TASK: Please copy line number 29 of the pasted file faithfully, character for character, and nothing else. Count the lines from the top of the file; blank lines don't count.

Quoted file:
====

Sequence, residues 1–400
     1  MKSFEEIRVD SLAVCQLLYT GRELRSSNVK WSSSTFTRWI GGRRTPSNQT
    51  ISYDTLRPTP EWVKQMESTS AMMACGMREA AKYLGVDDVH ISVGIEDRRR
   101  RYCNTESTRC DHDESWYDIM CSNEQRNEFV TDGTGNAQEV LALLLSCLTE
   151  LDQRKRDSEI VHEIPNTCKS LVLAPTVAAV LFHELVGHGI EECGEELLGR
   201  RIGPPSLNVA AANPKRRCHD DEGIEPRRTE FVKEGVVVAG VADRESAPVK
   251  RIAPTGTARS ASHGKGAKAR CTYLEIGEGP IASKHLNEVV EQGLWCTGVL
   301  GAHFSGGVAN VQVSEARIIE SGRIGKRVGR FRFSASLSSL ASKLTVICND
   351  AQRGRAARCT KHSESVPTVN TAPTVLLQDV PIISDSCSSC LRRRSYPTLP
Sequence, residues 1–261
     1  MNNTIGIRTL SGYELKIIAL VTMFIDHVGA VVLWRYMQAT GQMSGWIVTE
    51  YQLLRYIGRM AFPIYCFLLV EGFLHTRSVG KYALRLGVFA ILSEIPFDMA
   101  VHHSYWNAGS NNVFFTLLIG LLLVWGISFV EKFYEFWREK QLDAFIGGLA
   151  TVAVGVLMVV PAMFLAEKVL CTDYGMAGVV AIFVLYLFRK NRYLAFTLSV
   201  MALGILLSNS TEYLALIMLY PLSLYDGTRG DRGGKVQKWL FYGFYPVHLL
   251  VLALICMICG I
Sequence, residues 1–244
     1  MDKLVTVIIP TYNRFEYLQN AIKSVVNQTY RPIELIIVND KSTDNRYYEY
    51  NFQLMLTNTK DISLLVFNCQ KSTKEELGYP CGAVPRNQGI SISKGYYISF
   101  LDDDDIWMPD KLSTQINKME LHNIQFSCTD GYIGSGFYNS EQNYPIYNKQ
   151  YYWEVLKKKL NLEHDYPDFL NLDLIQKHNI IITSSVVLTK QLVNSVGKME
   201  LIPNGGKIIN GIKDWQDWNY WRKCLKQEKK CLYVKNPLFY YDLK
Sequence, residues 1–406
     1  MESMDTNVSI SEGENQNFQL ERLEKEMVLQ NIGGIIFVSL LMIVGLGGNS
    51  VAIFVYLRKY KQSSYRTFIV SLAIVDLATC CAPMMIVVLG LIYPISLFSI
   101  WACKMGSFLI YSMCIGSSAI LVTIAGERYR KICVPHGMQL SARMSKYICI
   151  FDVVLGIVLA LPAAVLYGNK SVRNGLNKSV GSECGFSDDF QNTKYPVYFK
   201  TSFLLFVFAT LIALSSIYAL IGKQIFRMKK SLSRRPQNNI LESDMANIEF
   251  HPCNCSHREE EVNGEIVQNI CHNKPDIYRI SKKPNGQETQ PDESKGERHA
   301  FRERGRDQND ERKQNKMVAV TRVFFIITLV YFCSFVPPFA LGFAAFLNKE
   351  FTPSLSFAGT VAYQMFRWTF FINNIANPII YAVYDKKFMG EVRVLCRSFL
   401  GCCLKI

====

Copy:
   251  HPCNCSHREE EVNGEIVQNI CHNKPDIYRI SKKPNGQETQ PDESKGERHA